The Ontario Securities Commission is poised to unveil 18 new enforcement cases over the next six months, including some major ones involving insider trading and improper activities by foreign companies listing in Canada.
OSC enforcement director Tom Atkinson announced the anticipated case load Tuesday, saying the commission is also trying to prosecute more cases in provincial court as quasi-criminal offences.
The commission has long faced criticisms for its poor enforcement track record, especially on major cases, but Mr. Atkinson told an OSC conference Tuesday that the regulator is becoming more efficient, launching 35 prosecutions last year compared to just 12 in 2009. He said investigations are also moving more quickly, and the commission currently has only five case files that have been open for more than two years, compared to 21 in 2009.
The OSC also expects to handle about 30 per cent of its cases in court this year, which means jail terms are a possible penalty, he said. The commission has traditionally handled most of its cases as tribunal hearings, where jail terms are not an option, because of the greater difficulties of successfully prosecuting criminal matters in court.
Boiler room stock fraud cases are especially appropriate to take to court, he added, and prosecutors are often successful when the cases involve repeat offenders who are breaching prior commission orders.
“These are what I would consider professional people who deal with fraud – people that just go out there and try to steal money from their clients,” he said.
Mr. Atkinson said the commission is currently looking into some large cases involving “semi-organized” insider trading, but did not elaborate further on the cases. He noted, however, that the OSC is getting better at finding connections between people working together on illegal insider trading.
The OSC is also tackling a number of investigations involving companies based in emerging markets and listing their shares in Canada, but the investigations are difficult to conduct in other countries, Mr. Atkinson said.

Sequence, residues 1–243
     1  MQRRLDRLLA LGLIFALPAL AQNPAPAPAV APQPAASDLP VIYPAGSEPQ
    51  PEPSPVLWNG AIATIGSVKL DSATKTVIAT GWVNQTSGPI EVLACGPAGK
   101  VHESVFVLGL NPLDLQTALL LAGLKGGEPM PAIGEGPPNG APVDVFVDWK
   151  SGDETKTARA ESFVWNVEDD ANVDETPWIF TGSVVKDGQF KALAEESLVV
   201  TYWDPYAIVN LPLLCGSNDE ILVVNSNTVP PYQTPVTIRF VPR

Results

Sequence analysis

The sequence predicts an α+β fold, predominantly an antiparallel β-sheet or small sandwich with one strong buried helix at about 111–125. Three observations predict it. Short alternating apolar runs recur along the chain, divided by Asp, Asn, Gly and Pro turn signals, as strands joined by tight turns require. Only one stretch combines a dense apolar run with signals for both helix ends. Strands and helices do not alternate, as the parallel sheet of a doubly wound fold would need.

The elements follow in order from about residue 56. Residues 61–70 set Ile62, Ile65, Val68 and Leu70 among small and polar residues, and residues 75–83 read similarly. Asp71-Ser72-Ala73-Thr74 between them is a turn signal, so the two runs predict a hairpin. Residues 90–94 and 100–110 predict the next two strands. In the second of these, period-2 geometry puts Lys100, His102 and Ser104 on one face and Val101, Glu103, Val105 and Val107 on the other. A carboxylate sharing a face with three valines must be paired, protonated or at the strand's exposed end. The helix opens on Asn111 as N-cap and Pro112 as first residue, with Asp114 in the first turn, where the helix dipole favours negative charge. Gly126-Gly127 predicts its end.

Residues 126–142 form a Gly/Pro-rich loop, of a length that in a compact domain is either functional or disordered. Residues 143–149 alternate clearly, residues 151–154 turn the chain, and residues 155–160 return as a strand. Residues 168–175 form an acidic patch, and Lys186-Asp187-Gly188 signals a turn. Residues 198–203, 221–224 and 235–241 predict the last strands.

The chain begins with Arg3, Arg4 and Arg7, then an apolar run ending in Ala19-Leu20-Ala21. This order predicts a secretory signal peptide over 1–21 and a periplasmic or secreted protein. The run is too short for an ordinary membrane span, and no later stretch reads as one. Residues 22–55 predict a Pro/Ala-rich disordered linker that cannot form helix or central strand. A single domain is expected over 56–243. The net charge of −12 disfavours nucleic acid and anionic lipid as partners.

An investigation of Sino-Forest Corp., for example, has been complicated by the need to translate many documents into English. He said the OSC has sent teams to Hong Kong and Beijing, and more staff are set to go back.
“On the emerging markets front, we have a few very large cases that we’re dealing with, which we’re finding difficult to be swift,” he said.
The OSC halted trading in Sino-Forest shares in August, alleging that it appeared some senior executives had engaged in fraud. A short seller issued an explosive report on the Hong Kong-based company in June, calling it a Ponzi scheme.
OSC chairman Howard Wetston said Tuesday the regulator is conducting a broad review of rules governing emerging-market companies that list their shares in Canada to decide whether tougher regulations are needed. He said the OSC is reviewing 24 companies from different countries as part of the review.
“We are trying to determine whether these emerging market issuers, as well as those involved in bringing the issuers to market and auditing their financial statements, provided the required disclosure and conducted the required due diligence.”
He warned business advisers who help companies list in Canada – such as underwriters or lawyers – that they need to be more aware of different business practices in other countries and how they vary from standards in Canada.
And he stressed that North American due-diligence processes can prove ineffective in foreign markets since they may prove incompatible with local business and cultural practices.
Mr. Wetston told reporters he believes the OSC may need to bring together representatives from various groups involved in helping foreign companies list in Canada – including lawyers, stock exchange officials and auditors – to develop policy ideas to reform rules.